Formation of p27-CDK complexes during the human mitotic cell cycle.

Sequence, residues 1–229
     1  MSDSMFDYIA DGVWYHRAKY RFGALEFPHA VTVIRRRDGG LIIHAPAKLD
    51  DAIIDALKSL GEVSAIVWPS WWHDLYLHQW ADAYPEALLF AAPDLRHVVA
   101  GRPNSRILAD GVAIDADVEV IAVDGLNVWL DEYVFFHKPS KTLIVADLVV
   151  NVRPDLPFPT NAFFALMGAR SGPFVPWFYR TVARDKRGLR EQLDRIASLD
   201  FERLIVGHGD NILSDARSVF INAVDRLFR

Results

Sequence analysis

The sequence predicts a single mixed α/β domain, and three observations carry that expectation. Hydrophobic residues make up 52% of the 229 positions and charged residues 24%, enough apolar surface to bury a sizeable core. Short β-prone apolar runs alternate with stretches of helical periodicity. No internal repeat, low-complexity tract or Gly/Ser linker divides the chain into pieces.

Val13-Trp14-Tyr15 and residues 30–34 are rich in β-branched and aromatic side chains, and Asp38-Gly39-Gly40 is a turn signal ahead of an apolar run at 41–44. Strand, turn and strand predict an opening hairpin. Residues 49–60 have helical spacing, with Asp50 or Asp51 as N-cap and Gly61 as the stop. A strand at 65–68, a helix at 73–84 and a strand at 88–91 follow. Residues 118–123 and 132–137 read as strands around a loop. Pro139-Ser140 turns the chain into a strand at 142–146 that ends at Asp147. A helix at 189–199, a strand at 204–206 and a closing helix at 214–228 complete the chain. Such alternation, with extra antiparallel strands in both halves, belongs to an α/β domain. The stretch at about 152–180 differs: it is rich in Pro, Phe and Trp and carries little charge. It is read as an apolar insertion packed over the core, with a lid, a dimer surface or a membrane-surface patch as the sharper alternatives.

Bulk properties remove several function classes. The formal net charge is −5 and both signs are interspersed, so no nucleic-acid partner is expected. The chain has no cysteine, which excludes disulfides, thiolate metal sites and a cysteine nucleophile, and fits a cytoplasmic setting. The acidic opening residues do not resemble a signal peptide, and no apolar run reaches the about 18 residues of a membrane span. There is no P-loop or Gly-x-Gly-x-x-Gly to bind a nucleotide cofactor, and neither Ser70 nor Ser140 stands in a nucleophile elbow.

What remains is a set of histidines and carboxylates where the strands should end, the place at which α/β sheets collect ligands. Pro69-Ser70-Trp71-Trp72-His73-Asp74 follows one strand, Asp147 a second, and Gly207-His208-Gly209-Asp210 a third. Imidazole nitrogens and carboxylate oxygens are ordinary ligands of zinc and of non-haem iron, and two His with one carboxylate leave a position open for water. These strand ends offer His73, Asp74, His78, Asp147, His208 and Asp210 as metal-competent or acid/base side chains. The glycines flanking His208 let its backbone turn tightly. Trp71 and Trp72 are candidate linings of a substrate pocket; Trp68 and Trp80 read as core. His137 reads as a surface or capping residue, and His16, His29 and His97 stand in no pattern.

In eukaryotic cells, the coordinated activation of different cyclin-dependent kinases regulates entry into S-phase. In vitro and in nonproliferating cells, p27 associates with and inhibits cyclin/cycin-dependent kinase (CDK) holoenzymes containing either CDK4, CDK6, or CDK2. Although many different types of proliferating cells contain p27 protein, neither the interactions of p27 with cyclin/CDK complexes nor the consequences of this interaction during the mitotic cycle have been fully explored. We report that, in MANCA cells, the amount of p27 is constant during the cell cycle. In addition, p27 associates with three different CDKs: CDK2, CDK4, and CDK6. Furthermore, the amount of p27 is significantly lower than the amount of cyclin D3 in these cells. The amount of CDK4 and CDK6 associated with p27 does not change in a cell cycle-dependent fashion; in contrast, the amount of CDK2 associated with p27 is lowest in early G1 cells and increases to a maximum in mid-G1 phase, reaching a steady-state level in late G1-phase cells. After mid-G1 phase, the amount of each p27/CDK complex remains constant through the remainder of the cell cycle. p27-immunoprecipitates contain an Rb-kinase activity. The substrate specificity, the expression pattern of this kinase, and the ability to deplete 50% of this kinase activity with a CDK6-specific antibody suggest that the CDK6 protein mediates, in part, the p27-associated Rb-kinase activity. In contrast, p27 complexes containing CDK2 are incapable of phosphorylating histone H1. These data are consistent with a model wherein cyclin D/CDK complexes sequester the CDK2-dependent kinase inhibitory activity of p27.
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